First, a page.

The European Medicines Agency seeks data on cannabis flowers.
Late last week, the EMA’s Committee on Herbal Medicinal Products (HMPC) published a “call for scientific data for use in HMPC assessment work on Cannabis sativa L., flos (Cannabis sativa flowering tops).”
It begins: “The HMPC invites all interested parties such as pharmaceutical industry associations, health care professional groups, learned societies, consumers and patients’ associations, governmental institutions as well as EU and EEA-EFTA Member States to submit selected specific scientific data, which may be used in the assessment of Cannabis sativa L., flos as part of the establishment of European Union herbal monographs and/or European Union list entries.”
The EMA also published a handy Q&A about how these pieces fit together. The HMPC, it notes, is the EMA’s “committee responsible for compiling and assessing scientific data on safety and efficacy of herbal substances, preparations and combinations, to support the harmonisation of the European market. The HMPC prepares the Agency’s opinions on herbal substances and preparations, along with information on recommended uses and conditions of safe use, as compiled in an EU herbal monograph.”
It is not yet clear where this call for data will specifically lead. Nonetheless, more government entities around the world are collecting and capturing data regarding the cannabis plant in an effort to assess paths forward.
Oxford researchers will study CBD’s efficacy as a treatment for psychosis.
The global study will include 1,000 participants, including people at a high risk for psychosis, people who have had just one episode, and people who have psychosis that doesn’t respond to conventional treatment.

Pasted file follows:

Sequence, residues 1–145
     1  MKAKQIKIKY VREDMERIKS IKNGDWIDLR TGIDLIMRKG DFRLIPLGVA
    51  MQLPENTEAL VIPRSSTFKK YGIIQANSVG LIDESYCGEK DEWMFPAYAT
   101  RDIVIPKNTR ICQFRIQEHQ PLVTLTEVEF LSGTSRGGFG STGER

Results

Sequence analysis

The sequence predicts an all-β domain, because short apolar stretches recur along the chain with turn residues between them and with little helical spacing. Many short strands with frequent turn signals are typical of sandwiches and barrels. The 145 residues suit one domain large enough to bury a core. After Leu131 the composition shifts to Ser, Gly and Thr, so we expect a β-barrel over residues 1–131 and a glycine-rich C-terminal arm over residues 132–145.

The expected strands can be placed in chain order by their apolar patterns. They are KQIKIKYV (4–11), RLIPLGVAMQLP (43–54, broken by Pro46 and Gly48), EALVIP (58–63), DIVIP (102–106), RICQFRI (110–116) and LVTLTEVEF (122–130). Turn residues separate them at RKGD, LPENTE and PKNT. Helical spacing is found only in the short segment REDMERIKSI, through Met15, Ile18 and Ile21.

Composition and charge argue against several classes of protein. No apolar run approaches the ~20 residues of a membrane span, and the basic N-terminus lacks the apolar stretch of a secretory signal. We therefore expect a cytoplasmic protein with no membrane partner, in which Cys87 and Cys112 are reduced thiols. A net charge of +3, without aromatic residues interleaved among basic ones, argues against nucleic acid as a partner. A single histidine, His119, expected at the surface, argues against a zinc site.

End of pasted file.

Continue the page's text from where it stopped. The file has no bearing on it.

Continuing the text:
Jazz Pharmaceuticals is supplying the CBD free of charge. Wellcome Trust is funding £16.5 million toward the study, which will start later in 2023.
“This exciting programme will help us to find out if cannabidiol is effective at treating psychosis at various stages by testing it at scale,” Lynsey Bilsland, head of Mental Health Translation at Wellcome said in a statement.
“While antipsychotics are commonly used to treat psychosis, they can have significant side effects, patients often stop taking them, and they don’t work for everyone. This means that it is important that we explore avenues such as this one for new therapies.”
NYC City Council member introduces resolution asking President Biden to sign the CAO Act.
New York City Council Member Crystal Hudson introduced a resolution last week “calling on the United States Congress to reintroduce and pass and the President to sign the Cannabis Administration and Opportunity Act.”
The CAO Act “helps create a national approach to the decriminalization of cannabis and assist in addressing the disparate incarceration of people of color,” the resolution reads, in part.
Hudson represents District 35 in central Brooklyn, which includes the neighborhoods of Prospect Heights, Fort Greene, parts of both Crown Heights and Bedford-Stuyvesant. The resolution has six other sponsors.